HOPE Point @Wesley Memorial UMC
April 30, 2017
1 John 4: 7, 16b-21 (CEB)
Dear friends, let’s love each other, because love is from God, and everyone who loves is born from God and knows God.
God is love, and those who remain in love remain in God and God remains in them. 17This is how love has been perfected in us, so that we can have confidence on the Judgment Day, because we are exactly the same as God is in this world. 18There is no fear in love, but perfect love drives out fear, because fear expects punishment. The person who is afraid has not been made perfect in love. 19We love because God first loved us. 20If anyone says, I love God, and hates a brother or sister, he is a liar, because the person who doesn’t love a brother or sister who can be seen can’t love God, who can’t be seen. 21This commandment we have from him: Those who claim to love God ought to love their brother and sister also.
One of the greatest movie songs of all time is undoubtedly “Somewhere Over the Rainbow” from The Wizard of Oz. In fact, in 2004 the American Film Institute released a list of the top 100 songs through 100 years of film, and you know what the number one song was? “Somewhere Over the Rainbow.” The lyrics of that song were written by a Jewish man named Yip Harburg; he wrote the lyrics for all of the songs in The Wizard of Oz. And those of us who are familiar with the lyrics of “Somewhere Over the Rainbow” know the message of hope that fills that song; the dream of Dorothy to go to a place “without any trouble.” As much as that was a song of Dorothy’s hope, I imagine it was also a song of Yip Harburg’s hope. The film and the song released in 1939. America was still climbing out of the grip of the Great Depression. Nazi Germany had already begun its massacre of the Jews.
To further complicate matters, Yip Harburg was a Democratic Socialist. At that time in history, Socialists were highly feared, along with Communists (though they are not the same thing). Though he was a wildly successful film lyricist, within a decade of the release of The Wizard of Oz, he had been blacklisted, named in a pamphlet, “Red Channels: The Report of Communist Influence in Radio and Television.” He was blocked from working in Hollywood films, television, and radio for a full twelve years. His parents were Russian, he was a Jew, and he was a Democratic Socialist at a time when communism was highly feared. So, out of fear, the writer of the words of the greatest film song of all time was denied the opportunity to continue his work for more than a decade.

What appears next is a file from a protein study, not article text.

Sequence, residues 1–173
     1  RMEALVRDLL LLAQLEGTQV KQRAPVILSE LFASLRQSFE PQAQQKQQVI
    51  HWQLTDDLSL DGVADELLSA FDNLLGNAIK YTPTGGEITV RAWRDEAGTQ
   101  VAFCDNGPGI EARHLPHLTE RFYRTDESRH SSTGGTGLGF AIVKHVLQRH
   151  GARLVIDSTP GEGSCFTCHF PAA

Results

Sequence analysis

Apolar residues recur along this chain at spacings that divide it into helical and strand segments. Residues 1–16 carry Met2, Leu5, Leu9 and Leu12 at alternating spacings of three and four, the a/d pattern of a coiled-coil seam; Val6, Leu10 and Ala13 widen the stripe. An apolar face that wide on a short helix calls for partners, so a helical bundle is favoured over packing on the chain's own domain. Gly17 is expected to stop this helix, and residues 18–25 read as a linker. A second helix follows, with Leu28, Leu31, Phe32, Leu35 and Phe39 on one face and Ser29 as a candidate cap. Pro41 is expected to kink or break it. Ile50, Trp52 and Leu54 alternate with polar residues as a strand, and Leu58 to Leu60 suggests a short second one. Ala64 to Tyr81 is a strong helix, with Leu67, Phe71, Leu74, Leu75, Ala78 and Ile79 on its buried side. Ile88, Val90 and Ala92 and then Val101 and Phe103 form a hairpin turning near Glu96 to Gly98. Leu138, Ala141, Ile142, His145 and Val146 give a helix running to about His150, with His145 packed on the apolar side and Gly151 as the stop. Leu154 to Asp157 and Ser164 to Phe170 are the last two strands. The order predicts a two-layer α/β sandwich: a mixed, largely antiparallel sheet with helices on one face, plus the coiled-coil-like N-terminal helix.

Now, just hold on to that thought for a second while I confess to you something much more personal. And I ask you not to judge me, because I know that if I have experienced this, then many of you have as well. I am a child of the 1980s and 90s. It was a time when we thought that the racist history of our country was finally dying away for good. I attended integrated schools. I had friends who were white, black, Latino, and even my best friend, whose family was from India. When I got a little older, I was on the school basketball team, and frequently my Mom would pick up me and my friends and teammates, Gwen and Maunea (who just happened to be black), and we would all go hang out at my house until time for practice or the game or whatever. Somehow, though, somewhere along the way I learned to be suspicious and fearful of certain people; in particular, I am aware of these feelings in the presence of poor males, including (and maybe especially) black males. Now, let me be clear. No one ever told me I should harbor such suspicions; nothing in my life experience should have caused such fear in me. I have never been threatened or harmed by anyone fitting the above description. I don’t have any idea how I came to be this way, and this would certainly fall into the category of an irrational fear. But since I came to be aware of it, I have worked consciously to try and put this fear in its proper place; to make sure I do not act out of these fears in any way. Because here’s the thing: when there is an underlying fear of “other” people, our responsive actions are almost never admirable, as the case of Yip Harburg proves.
Listen again to the words of the Psalm we read earlier in the service. “The Lord is my light and my salvation. Should I fear anyone? The Lord is a fortress protecting my life. Should I be frightened of anything?..I have asked one thing from the Lord—it’s all I seek; to live in the Lord’s house all the days of my life…Because he will shelter me in his own dwelling during troubling times….” As people of faith, we proclaim the name of a God who is a fortress or protection. As people of faith, there is no reason for us to fear anyone. Yet, so often we don’t actively seek the shelter of God’s protection, and instead we get drawn into these exaggerated and irrational fears about other people. Then, the more we get drawn into those fears, the more likely we are to act out of that fear in harmful ways. Still, despite a history that has shown us over and over again the tragic consequences of irrational fear of “the other,” we nevertheless continue to harbor fears of those who are different from us. And we do this both as individuals and as a society.